Mabel (Michael Hyatt) and Young Kya (Jojo Regina) in Columbia Pictures’ “Where the Crawdads Sing” (Photo Credit: Michele K. Short/2022 CTMG, Inc./Sony Pictures Entertainment, Inc.)
(“Where the Crawdads Sing” trailer courtesy of Sony Pictures Entertainment)
Many people can relate to the outcast or the black sheep.
Many know how it feels to not fit in with the crowd.
But how many can relate to ostracism getting so dire that it could impact one’s freedom or long-term reputation?
“Where the Crawdads Sing” is an emotional tale of love and survival despite ostracism and rejection.
In “Where the Crawdads Sing,” the Clark family never really belonged to the community of Barkley Cove, N.C., despite the family living there for years.
The Clark family lives near the marshes, where the grass grows out of the water.
Furthermore, they very rarely venture too far from their comfort zone.
The locals begin calling the baby of the Clark family the marsh girl, with some Barkley Cove residents even saying that she is part wolf or the missing link between ape and human.
But if they only knew Kya Clark’s (Daisy Edgar-Jones) story of survival, they would see someone who pulled herself up by her own bootstraps and survived in conditions that would have killed many people in her situation.
In “Where the Crawdads Sing,” Kya is left to fend for herself in the marshes when her large family suddenly disappears, leaving her to raise herself as an elementary-aged child.
Kya often does not have much food to eat.
Therefore, on the suggestion of some of the nicer people of the community like Jumpin’ (Sterling Macer Jr.) and his wife Mabel (Michael Hyatt), Kya decides to attend school just so that she can get the free lunch given to children her age.
But after her classmates make fun of her hygiene and insufficient attire, she never attends school after that one day.
In “Where the Crawdads Sing,” Kya instead uses her survival skills, selling mussels to Jumpin’ and Mabel, and being weary of any stranger that she encounters.
However, Kya does let her guard down around Tate Walker (Taylor John Smith), a young man she has known since childhood through her brother, Jodie (Logan Macrae).
Much to the chagrin of Tate’s father and the locals, the two become very close, bonding over an eventual love for books once Tate teaches Kya how to read.
The locals in Barkley Cove cannot understand why Tate has taken a liking to a girl that is so obviously beneath him.
Tate is on his way to the University of North Carolina in Chapel Hill, N.C.
Therefore, what could he possibly see in a girl so far beneath his station and standing in the community, and life in general?
Unfortunately, like many high school romances, Tate and Kya eventually drift apart and a new love interest enters Kya’s orbit.
When Kya becomes involved with Chase Andrews (Harris Dickinson), he begins to receive the same side-eye looks that Tate received when he dated Kya.
As a result, when Chase comes up deceased on the beach, many of the town locals begin to suspect the marsh girl murdered him.
Honestly, what other plausible explanation could there be when a friend of the marsh girl meets an untimely demise?
Everyone else in the town is civilized.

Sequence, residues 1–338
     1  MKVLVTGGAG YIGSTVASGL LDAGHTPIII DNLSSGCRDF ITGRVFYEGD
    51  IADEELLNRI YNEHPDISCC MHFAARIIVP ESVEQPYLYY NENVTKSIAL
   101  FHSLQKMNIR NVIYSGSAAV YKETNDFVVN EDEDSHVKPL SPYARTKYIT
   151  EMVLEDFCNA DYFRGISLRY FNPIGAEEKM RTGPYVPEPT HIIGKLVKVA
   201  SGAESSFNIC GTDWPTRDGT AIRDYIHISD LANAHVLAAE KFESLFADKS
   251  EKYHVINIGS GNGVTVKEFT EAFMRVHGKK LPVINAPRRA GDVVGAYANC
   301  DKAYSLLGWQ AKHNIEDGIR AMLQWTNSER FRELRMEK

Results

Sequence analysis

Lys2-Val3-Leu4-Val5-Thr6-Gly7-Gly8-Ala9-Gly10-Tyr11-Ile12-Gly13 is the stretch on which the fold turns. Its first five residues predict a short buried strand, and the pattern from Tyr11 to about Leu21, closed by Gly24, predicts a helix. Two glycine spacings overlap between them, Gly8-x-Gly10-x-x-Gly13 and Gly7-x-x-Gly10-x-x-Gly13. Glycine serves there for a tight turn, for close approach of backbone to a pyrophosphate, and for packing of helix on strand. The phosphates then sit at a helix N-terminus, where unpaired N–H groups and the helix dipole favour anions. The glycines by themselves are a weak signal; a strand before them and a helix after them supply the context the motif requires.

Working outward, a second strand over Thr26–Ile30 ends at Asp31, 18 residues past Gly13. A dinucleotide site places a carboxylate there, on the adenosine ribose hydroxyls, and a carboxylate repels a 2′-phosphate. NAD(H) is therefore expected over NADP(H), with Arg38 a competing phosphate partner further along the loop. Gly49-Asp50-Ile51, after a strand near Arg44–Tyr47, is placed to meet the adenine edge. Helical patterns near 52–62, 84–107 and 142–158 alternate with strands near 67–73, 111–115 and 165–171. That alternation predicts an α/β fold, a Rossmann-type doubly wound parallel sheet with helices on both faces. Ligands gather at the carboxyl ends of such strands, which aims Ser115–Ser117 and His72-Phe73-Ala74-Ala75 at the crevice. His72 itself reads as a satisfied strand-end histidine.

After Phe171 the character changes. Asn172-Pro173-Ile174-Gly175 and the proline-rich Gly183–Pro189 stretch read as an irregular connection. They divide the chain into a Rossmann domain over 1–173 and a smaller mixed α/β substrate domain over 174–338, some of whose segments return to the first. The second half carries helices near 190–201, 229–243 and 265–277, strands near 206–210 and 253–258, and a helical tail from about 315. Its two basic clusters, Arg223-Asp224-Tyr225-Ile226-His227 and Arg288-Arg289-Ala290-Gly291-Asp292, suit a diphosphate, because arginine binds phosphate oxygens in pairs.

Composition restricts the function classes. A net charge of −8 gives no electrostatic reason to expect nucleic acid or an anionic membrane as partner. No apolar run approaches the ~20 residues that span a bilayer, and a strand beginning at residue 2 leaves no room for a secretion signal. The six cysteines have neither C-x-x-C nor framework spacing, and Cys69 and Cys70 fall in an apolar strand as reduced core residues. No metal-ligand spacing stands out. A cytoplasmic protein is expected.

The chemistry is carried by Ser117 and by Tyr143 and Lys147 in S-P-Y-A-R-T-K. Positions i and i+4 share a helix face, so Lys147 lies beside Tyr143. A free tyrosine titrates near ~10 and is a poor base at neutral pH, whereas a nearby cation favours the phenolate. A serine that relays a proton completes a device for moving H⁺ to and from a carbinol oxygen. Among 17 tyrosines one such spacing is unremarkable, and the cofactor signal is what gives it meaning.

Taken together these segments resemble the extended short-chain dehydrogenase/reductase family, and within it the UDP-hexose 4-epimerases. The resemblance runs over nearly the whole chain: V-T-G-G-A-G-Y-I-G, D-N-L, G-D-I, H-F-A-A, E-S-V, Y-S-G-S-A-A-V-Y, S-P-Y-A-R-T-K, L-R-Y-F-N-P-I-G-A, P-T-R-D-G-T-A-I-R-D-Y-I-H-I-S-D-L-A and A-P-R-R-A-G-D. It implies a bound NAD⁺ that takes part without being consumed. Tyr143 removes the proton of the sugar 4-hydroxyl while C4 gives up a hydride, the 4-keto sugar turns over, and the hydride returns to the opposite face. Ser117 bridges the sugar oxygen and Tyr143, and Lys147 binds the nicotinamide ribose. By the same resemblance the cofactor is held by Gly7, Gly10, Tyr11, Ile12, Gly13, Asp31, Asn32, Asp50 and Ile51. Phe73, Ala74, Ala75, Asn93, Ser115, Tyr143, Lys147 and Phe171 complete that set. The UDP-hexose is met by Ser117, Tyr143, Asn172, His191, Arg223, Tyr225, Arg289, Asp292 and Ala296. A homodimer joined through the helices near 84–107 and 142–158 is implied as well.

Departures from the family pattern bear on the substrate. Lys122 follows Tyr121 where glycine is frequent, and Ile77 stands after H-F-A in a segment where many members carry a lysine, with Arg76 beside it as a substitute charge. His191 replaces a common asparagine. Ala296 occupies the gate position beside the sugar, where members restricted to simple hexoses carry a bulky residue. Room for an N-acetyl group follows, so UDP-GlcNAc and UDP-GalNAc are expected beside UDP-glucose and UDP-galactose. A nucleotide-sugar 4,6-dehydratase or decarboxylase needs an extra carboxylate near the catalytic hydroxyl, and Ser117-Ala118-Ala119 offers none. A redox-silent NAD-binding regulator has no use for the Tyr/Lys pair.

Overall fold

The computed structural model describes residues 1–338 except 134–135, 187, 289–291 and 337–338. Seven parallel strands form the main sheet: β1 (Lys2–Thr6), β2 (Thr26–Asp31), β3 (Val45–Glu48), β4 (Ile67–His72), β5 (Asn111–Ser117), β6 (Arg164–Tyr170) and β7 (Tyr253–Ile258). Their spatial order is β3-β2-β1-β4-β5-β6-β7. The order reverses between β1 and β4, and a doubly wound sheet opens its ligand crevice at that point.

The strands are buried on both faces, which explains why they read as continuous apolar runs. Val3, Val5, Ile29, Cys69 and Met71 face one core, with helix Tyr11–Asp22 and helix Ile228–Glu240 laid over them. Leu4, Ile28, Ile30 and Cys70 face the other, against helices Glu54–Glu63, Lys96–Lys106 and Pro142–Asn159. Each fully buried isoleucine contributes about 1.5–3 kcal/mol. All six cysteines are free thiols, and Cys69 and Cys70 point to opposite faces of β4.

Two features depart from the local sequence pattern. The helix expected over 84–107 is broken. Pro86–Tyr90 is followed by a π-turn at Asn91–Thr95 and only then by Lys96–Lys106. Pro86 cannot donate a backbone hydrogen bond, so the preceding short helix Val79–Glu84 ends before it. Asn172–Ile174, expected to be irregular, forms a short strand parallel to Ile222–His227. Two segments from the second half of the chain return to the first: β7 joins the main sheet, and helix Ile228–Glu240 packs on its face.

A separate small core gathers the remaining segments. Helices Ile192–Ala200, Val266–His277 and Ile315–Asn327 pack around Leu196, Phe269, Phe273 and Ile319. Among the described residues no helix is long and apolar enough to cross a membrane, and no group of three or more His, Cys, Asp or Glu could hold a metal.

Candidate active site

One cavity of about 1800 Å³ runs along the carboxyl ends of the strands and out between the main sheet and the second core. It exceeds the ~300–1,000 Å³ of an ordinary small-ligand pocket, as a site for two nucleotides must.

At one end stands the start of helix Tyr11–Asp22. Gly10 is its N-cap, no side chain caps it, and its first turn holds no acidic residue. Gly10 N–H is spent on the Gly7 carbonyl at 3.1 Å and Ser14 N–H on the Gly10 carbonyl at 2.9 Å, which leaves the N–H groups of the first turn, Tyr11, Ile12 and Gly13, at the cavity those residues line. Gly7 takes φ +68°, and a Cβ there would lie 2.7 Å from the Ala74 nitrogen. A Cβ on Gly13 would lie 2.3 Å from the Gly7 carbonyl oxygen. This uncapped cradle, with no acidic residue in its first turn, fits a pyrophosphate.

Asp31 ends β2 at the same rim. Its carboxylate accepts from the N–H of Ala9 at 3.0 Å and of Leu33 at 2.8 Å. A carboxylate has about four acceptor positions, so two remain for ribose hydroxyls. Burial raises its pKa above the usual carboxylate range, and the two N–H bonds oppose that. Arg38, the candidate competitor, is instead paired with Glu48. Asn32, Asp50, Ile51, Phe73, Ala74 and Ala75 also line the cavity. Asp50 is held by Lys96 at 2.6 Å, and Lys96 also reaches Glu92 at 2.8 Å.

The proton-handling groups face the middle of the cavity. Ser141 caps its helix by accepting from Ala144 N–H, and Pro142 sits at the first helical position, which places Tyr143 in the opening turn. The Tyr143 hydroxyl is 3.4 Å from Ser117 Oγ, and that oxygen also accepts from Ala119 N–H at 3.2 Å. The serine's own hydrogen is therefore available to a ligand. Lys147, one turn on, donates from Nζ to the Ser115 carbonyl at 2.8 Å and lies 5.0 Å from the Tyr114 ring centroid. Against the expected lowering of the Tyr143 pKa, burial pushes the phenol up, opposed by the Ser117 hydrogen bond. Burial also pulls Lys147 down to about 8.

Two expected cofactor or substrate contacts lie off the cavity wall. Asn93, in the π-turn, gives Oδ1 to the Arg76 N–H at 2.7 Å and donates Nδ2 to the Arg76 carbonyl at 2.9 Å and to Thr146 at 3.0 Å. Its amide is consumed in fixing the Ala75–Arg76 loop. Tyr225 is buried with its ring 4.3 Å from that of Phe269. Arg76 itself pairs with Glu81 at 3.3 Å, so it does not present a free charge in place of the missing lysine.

The marsh girl is probably the only one savage and animalistic enough to murder such a respected member of the community like Chase.
As a result, Kya is arrested and charged with murder.
If convicted, the marsh girl could receive the death penalty.
That dilemma would be daunting and nerve-wrecking for any defendant.
But how does a person get a fair trail from a jury of their peers if they have no real peers in the community?
Kya has no real friends in Barkley Cove.
She has no family in Barkley Cove.
And everyone in the community already assumes the worst about the so-called marsh girl.
However, for a young lady that has survived Hell on Earth by herself as a child, giving in to the people who have caused her so much pain through the years is totally unacceptable.
“Where the Crawdads Sing” will resonate because many love the underdog story.
Although many have been guilty of ostracizing people who do not look like them, act like them or come from similar backgrounds, many of those same people hate to see others getting mistreated because of their differences.
That reality makes Kya a likable character.
Furthermore, many people love when the underdog overcomes all those seemingly insurmountable obstacles to find success.
That reality makes Kya a lovable character.
Kya on trial in “Where the Crawdads Sing” has “To Kill a Mockingbird” vibes.
The marsh land and the country terrain have “Eve’s Bayou” vibes.
And her love life has “The Notebook” vibes at times.
When it comes to Kya’s love life, the nonverbal skills of the actors in “Where the Crawdads Sing” really stand out.
Viewers can feel when it is true love and when it is not.
“When the Crawdads Sing” also shows the negative consequences of abuse, whether it is verbal, physical or emotional.
Kya has endured so much in “Where the Crawdads Sing” that it makes it almost impossible to trust another person or depend on another person, which has an adverse impact on any relationship the person enters, romantic or otherwise.
As a result, the physical violence in “Where the Crawdads Sing” might be hard for some moviegoers to stomach.
However, the heartwarming story of survival will connect with audiences.
And the ending of “Where the Crawdads Sing” will leave those same audience members stunned.
But even with the surprise climax, audience members will still relate to “Where the Crawdads Sing.”